P.K. Subban didn't need to win the Norris Trophy last night to cement his status as one of the NHL's elite players, he's been doing that with his play for three years already, but it was a nice feather in the cap to reward him for all the work he's put in to make himself stand out from the crowd.
But Subban is more than just a great player, he's more important in Montreal than that, because he signals the end of an era, and the beginning of a new one. The destruction of the Montreal Canadiens by Ronald Corey, Serge Savard, and Rejean Houle in the 90's decimated the club to the point where as a young kid, it was very hard to keep a vested interest in the Habs.
Every year the Canadiens were badly outplayed and badly outshot, relying on great goaltending and lucky goalscoring, then blaming a young Finnish captain for a cup drought he wasn't responsible for. Subban's arrival on the team full time in the 2010-11 season was the end of this era.
Coupled with Max Pacioretty breaking out, Subban and the Canadiens all of a sudden began to outplay opponents when just the year before they were the ones being outplayed. And even better than that, the Habs had a star to call their own.
Make no mistake, Carey Price has earned the star label for himself for past accomplishments, and he's made saves that have made me jump out of my seat, but he hasn't been able to cement himself as among the best of the best as yet. At least not consistently.
Subban though, makes you feel it in your gut, in your heart, in your head. He dominates every facet of the game, controls the pace, and makes plays others don't dare dream of. Subban is the first player on the Montreal Canadiens since Patrick Roy that's so good, other fanbases despise him.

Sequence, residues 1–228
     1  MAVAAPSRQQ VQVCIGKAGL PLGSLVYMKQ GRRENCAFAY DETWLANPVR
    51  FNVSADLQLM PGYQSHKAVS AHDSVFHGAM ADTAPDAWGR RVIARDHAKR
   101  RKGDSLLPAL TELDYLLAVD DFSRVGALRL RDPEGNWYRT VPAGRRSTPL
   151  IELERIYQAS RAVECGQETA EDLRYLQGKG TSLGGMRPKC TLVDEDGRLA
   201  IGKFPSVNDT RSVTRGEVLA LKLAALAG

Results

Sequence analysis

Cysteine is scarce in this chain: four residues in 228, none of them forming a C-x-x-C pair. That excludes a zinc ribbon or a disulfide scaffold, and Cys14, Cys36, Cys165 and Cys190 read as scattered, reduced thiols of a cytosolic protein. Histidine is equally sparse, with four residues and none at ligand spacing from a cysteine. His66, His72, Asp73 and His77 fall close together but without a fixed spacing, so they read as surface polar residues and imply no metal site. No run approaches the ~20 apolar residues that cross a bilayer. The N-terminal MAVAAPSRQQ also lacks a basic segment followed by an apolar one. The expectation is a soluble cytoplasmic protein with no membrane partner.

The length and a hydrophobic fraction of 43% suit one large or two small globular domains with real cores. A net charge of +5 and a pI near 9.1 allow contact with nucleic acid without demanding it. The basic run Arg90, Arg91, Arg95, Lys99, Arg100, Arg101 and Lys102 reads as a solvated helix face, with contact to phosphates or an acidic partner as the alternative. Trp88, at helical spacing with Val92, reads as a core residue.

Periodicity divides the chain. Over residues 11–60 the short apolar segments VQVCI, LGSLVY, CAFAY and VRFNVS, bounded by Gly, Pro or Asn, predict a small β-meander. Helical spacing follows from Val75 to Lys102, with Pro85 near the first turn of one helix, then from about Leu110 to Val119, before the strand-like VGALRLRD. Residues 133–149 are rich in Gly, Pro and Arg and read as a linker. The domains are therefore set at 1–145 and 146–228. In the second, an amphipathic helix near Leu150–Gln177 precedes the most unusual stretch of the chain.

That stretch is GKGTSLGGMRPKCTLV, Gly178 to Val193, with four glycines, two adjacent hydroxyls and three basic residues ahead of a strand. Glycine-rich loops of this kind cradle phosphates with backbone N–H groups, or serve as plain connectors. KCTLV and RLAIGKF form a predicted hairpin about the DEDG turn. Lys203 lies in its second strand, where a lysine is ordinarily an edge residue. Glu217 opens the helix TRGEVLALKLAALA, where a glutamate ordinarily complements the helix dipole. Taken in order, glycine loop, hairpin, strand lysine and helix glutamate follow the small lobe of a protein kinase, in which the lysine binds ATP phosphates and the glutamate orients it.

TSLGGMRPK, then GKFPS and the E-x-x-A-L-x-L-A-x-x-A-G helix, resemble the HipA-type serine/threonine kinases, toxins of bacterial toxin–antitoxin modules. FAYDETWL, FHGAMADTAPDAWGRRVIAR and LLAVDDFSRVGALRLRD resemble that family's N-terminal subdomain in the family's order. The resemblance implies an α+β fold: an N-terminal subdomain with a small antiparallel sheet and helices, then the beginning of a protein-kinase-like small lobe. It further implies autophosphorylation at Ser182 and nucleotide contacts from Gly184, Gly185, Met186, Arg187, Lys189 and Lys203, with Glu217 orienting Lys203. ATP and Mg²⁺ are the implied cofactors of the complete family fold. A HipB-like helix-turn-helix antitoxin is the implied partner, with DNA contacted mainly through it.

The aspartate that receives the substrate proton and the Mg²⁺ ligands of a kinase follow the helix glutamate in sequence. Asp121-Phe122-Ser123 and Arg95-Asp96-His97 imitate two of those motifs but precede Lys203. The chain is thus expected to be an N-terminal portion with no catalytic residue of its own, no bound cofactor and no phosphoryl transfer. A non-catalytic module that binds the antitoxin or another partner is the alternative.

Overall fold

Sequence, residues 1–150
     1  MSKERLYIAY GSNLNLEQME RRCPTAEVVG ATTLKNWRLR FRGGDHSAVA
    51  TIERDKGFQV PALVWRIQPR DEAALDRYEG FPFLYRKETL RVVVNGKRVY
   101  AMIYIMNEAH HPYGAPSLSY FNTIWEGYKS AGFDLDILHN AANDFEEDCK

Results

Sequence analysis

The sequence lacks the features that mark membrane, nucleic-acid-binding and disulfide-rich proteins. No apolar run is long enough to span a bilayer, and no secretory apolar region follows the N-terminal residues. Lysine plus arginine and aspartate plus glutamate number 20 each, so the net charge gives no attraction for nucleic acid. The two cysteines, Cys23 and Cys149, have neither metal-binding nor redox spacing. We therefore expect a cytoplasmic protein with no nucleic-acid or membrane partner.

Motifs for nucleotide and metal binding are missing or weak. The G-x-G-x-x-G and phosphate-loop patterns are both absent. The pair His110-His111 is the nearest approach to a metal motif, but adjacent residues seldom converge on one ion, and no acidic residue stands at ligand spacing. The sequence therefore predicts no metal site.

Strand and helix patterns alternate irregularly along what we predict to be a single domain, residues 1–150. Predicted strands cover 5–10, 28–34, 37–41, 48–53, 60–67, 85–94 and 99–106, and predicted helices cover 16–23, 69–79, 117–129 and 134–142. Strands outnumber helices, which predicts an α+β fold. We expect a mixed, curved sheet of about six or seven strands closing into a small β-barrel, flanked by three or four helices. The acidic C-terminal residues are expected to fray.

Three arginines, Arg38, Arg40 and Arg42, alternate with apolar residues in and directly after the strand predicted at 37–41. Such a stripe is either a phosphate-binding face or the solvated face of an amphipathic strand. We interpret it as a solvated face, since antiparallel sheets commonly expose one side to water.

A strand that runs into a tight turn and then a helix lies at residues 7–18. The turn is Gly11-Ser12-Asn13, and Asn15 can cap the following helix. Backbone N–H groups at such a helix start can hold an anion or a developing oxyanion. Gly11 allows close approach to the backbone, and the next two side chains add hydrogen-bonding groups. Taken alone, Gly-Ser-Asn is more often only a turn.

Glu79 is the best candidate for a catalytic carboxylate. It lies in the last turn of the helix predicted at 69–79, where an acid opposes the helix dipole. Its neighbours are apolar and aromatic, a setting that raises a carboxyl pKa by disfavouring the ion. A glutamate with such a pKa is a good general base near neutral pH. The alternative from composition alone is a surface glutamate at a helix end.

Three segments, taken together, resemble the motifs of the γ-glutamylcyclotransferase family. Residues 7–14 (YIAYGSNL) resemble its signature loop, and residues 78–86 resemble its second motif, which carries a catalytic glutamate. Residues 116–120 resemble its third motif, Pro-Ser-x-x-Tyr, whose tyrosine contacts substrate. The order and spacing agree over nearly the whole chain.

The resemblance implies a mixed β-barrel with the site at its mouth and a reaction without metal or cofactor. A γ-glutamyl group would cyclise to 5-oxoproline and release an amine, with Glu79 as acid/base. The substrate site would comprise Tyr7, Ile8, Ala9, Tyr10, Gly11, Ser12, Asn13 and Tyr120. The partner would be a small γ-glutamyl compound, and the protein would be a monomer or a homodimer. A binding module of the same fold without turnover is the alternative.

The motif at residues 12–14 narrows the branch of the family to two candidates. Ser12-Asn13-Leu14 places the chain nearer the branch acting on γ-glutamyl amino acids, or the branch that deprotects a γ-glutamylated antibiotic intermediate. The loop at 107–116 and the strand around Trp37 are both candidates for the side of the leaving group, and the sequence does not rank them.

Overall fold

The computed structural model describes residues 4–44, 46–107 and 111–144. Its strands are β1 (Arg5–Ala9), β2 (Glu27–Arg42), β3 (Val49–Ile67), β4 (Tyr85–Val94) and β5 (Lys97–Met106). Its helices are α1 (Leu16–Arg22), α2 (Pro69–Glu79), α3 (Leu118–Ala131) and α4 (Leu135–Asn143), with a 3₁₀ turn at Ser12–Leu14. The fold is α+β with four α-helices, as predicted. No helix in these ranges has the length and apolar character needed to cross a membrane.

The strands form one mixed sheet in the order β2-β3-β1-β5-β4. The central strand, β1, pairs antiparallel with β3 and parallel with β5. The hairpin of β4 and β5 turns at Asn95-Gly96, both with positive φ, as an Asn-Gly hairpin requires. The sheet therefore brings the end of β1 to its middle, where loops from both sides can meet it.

How good is Subban? Well you already know the fancy stats, but let's look how he compares to former Habs greats.
Subban is already 29th in Habs history in goals from defensemen, 33rd in assists, 30th in points, 11th in powerplay goals. This is after just two and a half seasons, and compared to 104 years of history.
If Subban were to repeat his performance from this year in 2013-14, he could rank as high as 15th in team history in goals scored from defensemen, after just three and a half seasons!
Of defensemen to play 200 or more games for the Habs, P.K. Subban scores the 8th most goals per game in team history, just behind Larry Robinson.
For points, it's even more dramatic, as Subban sits 5th in team history in points per game behind just Chelios, Lapointe, Robinson, and teammate Andrei Markov.
Subban brings you out of your seat the way people wanted Kovalev to, he's not just a superstar, he's our superstar.